Movie Review: ‘Salt’

Gabriel Stoffa

There’s just something I like about Angelina Jolie as a spy.

In her newest movie “Salt,” Jolie gets to beat down dozens of dudes, allowing for a real “girl power” of a good time, while still showing her feminine side through a relationship with an arachnologist — yeah, the arachnologist guy is a bit too obvious when it comes to foreshadowing, but oh well.

So, in another attempt to woo crowds into applauding action movies that are a little bit smarter — i.e., through empowering women — “Salt” is designed to do what most other action films do, but with the roles flipped. This literally true, as Tom Cruise was originally slated for the role before the script was redrafted for Jolie.

The plot hinges on a claim by a Russian defector that Jolie is actually a Russian sleeper agent that has been living in the United States most of her life, waiting to be activated.

Without giving away any twists and turns, I’ll tell you this: The audience is supposed to wonder throughout the movie as to whether or not Jolie is this sleeper agent, or is actually just super-highly trained C.I.A. agent being set up.

Now, I mentioned before that I like Jolie as a spy. I do, but in “Salt” it was just sort of a waste. I really think they should have gotten another actress to play the role.

Jolie has some serious bad girl attitude, and I like that. But in this it sort of detracts from her character, as she is supposed to be a little more tender for this role. Again, I can’t explain in further detail without giving much of the plot away, so you’ll have to evaluate for yourself.

Some highlights of the movie include the two lead male roles: Liev Schreiber as Jolie’s boss, and Chiwetel Ejiofor as another C.I.A. operative.

Both of these men are actors I genuinely think have a lot of talent that is underused by Hollywood. Particularly Ejiofor, who continues to get the brush-off when it comes to movies, is a good actor in every movie he’s in.

As Jolie races against the combined efforts of the F.B.I., C.I.A. and U.S. Secret Service, “Salt” throws action sequence after action sequence at the audience as they hope, in vain, to see Jolie flash some skin — OK, maybe that was just me, and I should go watch “Gia” and get my skin-fix there.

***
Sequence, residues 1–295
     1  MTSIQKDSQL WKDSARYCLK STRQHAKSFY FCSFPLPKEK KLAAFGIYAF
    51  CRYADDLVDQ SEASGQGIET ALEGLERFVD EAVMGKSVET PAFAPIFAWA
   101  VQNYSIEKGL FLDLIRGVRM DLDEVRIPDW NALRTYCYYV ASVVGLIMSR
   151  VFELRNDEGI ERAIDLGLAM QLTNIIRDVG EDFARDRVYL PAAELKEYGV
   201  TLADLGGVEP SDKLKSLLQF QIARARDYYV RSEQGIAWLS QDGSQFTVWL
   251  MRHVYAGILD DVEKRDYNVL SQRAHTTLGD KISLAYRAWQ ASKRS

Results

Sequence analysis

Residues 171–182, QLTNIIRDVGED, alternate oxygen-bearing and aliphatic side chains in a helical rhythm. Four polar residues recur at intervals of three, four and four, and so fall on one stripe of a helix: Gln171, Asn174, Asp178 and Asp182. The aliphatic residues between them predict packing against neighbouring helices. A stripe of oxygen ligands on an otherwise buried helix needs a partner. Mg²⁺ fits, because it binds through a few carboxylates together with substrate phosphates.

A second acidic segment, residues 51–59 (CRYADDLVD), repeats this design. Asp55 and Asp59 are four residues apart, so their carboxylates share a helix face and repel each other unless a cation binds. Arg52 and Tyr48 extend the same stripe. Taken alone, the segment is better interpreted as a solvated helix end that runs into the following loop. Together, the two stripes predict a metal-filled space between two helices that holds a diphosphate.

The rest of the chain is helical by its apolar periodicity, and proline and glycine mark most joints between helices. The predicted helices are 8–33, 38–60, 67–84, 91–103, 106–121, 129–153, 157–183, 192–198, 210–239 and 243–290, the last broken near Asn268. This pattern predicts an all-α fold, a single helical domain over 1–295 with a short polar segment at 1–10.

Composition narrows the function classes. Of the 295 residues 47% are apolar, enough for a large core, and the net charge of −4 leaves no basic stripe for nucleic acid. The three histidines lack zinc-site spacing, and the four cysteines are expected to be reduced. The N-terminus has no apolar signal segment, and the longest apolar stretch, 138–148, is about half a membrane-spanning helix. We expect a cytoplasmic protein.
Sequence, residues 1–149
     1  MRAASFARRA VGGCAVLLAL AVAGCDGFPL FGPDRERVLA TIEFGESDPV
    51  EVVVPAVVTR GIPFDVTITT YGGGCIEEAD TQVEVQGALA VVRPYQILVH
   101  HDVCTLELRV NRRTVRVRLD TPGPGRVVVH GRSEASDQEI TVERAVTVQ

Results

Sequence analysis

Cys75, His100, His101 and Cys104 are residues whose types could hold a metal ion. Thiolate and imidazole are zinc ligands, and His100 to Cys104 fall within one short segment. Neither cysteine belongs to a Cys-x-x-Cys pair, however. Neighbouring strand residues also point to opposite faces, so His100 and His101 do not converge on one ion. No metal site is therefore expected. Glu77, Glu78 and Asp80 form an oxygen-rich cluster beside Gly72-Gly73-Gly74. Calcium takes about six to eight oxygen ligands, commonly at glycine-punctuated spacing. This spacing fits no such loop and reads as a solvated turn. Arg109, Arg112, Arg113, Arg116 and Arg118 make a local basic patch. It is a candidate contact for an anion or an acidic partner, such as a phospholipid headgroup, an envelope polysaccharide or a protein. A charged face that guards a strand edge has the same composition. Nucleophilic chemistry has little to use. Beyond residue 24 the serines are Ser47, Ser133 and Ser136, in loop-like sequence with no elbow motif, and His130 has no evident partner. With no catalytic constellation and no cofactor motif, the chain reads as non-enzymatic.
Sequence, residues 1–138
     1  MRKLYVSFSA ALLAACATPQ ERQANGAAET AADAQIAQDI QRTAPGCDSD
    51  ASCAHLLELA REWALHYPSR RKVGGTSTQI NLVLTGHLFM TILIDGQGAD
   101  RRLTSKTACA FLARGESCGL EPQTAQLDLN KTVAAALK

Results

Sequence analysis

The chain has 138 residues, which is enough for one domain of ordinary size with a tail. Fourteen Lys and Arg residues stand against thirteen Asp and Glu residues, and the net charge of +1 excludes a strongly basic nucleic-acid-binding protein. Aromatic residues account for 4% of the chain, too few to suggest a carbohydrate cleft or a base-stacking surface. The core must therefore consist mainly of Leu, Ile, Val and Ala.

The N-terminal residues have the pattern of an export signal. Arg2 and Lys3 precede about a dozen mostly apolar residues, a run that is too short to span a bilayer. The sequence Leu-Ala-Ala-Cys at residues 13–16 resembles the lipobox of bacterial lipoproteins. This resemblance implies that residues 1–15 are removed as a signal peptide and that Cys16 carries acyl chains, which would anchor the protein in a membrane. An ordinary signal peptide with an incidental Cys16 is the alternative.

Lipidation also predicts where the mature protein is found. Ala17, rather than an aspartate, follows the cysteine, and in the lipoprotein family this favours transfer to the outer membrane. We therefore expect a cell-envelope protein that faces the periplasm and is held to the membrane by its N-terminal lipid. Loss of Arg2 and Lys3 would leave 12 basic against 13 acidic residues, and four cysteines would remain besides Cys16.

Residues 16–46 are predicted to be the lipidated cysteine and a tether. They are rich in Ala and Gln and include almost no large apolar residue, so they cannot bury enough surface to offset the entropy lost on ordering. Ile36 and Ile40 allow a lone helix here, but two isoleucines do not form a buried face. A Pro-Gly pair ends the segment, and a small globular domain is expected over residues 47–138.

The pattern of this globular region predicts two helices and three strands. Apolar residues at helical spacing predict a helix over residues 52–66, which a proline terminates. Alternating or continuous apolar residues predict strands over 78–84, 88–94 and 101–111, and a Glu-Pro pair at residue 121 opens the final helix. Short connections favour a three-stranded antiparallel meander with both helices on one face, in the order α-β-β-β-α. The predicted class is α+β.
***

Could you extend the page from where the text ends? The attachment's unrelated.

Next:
The action is pretty good; it carries itself with more than just big booms and elaborate fights. Though, some of Jolie’s leaps from semi to car to whatever are a little bit hard for my brain to wrap around, as the physics are possible, but really unlikely. Also, I didn’t like the number of jumping-off-the-wall kicks used and think the CGI use could have been cooler.

I will forgive this as Jolie is still alluring while flinging herself into certain death and landing with a sexy grunt in a prone position — OK fine, I have a thing for Jolie, but then, so do something like 90 percent of men and women in America.

Along with sex appeal from Jolie, good action and fine acting from her co-stars, “Salt” has solid scenery choices and cinematography. I feel I must add though that I absolutely love New York and enjoy D.C., so my enjoyment of the location shots may be biased.

Now, I found the twists and supposed surprises to be a little obvious, as I tend to notice red herrings and foreshadowing readily. Therefore I was not overly impressed with the results of”Salt.” This may not be a difficulty for other movie-goers, as you are watching for entertainment as the primary. I will warn you to not try and think ahead, as you will figure things out readily if you do, and the movie is better if you just let Jolie go through the motions.

Overall, I found “Salt” entertaining. Nothing to rush out and see, but an OK matinee show and easily watchable when released for home consumption.

Spoiler alert, so quit reading if you don’t want to know details: “Salt” is readily set up to become a franchise pic, so don’t be surprised if this becomes a “Mission Impossible” series for Jolie. Which would be appropriate, as Jolie is sorta crazy and over-the-top in that Cruise-like life antics way.